4. How did you decide that you wanted to write in this specific time period for this book?
I’ve grown up in California, so I have a personal connection to the history here. I have also always been fascinated by the nineteenth century in general. (Perhaps sparked by my love of Jane Austen, L.M. Montgomery, and Laura Ingalls Wilder.) So I knew I wanted to feature the American part of California’s nineteenth century, which meant it had to be after the Mexican-American War. So I began my research with reading newspapers from the years immediately following that war. The rest you already know from my previous answer.
5. When you are not writing, what else do you like to do? What hobbies do you have? Do you have a day job?
My day job title is Homeschooling Mama. I have four kids age 14,11,9, and 3 whom I homeschool full-time. The fun part about that is getting to impart my love of history and writing on the next generation, not only to my own kids but also as a teacher for our local Cooperative Class Day. For those unfamiliar, this is a day when members of our local homeschool group meet at a church once a week and have a class day similar to what traditional schools have. In our case, though, all the teachers are parents and all the kids have a parent on campus throughout the entire day. So, teaching takes up most of my non-writing time.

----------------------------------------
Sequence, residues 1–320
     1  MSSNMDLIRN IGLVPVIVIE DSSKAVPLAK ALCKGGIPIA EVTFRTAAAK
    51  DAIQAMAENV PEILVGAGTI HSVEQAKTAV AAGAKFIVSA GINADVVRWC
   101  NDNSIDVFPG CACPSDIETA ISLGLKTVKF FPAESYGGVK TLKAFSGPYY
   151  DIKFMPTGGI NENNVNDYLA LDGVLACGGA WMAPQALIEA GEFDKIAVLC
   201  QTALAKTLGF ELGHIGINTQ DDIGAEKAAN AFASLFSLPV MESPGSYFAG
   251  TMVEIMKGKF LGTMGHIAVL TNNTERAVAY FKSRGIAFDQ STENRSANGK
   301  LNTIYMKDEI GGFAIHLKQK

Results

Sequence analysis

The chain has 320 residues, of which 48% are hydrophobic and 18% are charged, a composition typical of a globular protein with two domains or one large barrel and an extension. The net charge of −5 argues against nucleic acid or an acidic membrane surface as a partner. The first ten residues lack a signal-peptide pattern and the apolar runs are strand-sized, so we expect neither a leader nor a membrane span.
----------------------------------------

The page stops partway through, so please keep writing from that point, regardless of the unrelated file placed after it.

Outside of that, I squish reading into every spare minute I can find, and I LOVE crafting. If I weren’t an author, I’d probably open my own Etsy shop. (In fact, I might still try it once my kiddos all graduate!) I love to sew, knit, papercraft, paint, decorate cakes, build furniture…you name the craft and I’ve probably tried it. After that, my next love is hiking. There’s nothing as peaceful as sitting on a mountaintop with my Bible in my lap.